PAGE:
To get this shot, I got lucky with the stormy day but had to wait for the right moment when the sun peeked through the clouds for just a bit and cast light on the areas of the scene I wanted to highlight.  I was particularly drawn to the way the road and the tiny parking lot where I hiked up from had now become part of this altered landscape, straddling a narrow ridge against the massive backdrop of the surrounding Crater Lake, the deepest lake in the US and created by volcanic activity over 7700 years ago.

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About White’s Ferry, from the Sullivan Review’s Satterfield Flyer column by “Doc” T.W. Shoemaker II, DVM

April 19th, 2012 :: Posted by Jamie Smith :: Comments (0) :: Leave Comment

In the late 1800’s and early 1900’s, before bridges were built to span the Susquehanna River, most of the towns and villages used a ferry to cross the stream.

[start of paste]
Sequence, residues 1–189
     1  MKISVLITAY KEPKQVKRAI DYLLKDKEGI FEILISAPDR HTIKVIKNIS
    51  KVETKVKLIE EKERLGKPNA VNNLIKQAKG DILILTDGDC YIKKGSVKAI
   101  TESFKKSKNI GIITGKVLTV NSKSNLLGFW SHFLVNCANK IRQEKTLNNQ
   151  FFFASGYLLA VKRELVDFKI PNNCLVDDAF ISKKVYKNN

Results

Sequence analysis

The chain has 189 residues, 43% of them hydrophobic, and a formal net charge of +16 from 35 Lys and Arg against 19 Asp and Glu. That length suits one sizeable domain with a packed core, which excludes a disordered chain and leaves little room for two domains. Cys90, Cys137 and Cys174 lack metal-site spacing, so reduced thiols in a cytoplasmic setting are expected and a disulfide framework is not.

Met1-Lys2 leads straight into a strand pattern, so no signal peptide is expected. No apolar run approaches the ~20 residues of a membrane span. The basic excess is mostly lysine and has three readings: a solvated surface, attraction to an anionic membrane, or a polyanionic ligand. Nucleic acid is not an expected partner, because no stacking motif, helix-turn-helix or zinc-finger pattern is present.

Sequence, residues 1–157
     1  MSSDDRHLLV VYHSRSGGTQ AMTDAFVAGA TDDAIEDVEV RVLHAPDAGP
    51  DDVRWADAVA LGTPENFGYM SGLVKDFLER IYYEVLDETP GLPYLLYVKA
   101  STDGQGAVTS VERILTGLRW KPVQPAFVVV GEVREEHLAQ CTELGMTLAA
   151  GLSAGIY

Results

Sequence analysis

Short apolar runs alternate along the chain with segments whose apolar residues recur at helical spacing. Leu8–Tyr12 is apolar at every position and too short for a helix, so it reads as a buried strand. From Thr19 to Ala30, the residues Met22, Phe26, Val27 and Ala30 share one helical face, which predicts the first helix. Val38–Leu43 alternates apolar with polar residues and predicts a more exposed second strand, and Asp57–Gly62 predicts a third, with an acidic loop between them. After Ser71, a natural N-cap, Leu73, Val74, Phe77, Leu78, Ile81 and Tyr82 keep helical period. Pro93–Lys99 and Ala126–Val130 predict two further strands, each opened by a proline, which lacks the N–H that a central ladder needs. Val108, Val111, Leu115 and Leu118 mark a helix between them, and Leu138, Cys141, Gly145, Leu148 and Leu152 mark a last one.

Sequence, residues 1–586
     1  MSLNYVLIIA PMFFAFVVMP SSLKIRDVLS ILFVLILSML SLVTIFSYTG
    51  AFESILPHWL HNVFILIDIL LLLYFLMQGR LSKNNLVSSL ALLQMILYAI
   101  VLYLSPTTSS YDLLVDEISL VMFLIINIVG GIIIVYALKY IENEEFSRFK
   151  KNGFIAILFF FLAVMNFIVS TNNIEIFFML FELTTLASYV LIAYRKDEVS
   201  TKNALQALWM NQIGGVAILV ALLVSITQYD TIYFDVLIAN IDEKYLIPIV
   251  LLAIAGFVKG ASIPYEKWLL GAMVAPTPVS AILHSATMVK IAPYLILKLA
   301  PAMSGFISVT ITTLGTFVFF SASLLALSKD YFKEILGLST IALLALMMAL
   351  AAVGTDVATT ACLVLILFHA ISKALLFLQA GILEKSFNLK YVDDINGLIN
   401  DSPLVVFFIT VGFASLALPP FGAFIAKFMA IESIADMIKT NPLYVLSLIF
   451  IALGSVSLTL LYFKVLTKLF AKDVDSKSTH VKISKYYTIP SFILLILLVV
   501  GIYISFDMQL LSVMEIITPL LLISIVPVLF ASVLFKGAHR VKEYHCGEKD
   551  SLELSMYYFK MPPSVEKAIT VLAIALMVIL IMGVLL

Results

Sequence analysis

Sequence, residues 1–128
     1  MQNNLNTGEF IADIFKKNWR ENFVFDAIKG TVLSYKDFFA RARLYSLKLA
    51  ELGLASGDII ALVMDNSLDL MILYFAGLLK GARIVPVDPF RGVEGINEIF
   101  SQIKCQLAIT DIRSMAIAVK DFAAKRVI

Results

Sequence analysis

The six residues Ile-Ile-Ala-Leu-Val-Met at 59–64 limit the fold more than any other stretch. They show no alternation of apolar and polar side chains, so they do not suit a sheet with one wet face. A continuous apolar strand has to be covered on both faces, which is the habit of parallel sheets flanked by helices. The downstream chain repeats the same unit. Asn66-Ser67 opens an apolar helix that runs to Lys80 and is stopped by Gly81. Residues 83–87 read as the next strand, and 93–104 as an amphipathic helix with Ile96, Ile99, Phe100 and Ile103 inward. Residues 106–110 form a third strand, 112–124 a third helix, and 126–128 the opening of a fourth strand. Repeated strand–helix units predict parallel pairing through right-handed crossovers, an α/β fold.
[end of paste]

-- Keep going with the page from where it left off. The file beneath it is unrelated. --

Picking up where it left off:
Most of the ferries were basically a raft of logs, like white pine, covered by a platform of rough cut boards.  The platform would be enough above the level of the water to keep your feet dry.

The ferry was tethered on both sides of the river by a cable or heavy rope, or both, of course, use of the ferry was limited to when the river was calm or low.  The ferry man would grasp the rope on one end of the ferry and walk to the other end, thus pulling the craft across the stream.

Upstream from Pittston, there were three ferries to note:  at Ransom, one at Falls, and one at White’s Ferry.  These carried people, horses and wagons, and in later years, automobiles.

Solomon White started the operation of White’s Ferry in 1838 and continued its operation until his death in 1890.  It was then operated by his son, George, until his death in 1914; then his son, William, continued the service until November, 1938.  The White family kept the service going for 100 years.

Members of the White family built all ferry boats used by themselves and also built some for others, one in particular was one at Ransom.  Most boats were built of white pine and oak and for some reason, unknown by now, built upside down.  White’s ferry was 66 feet long and 12 feet wide.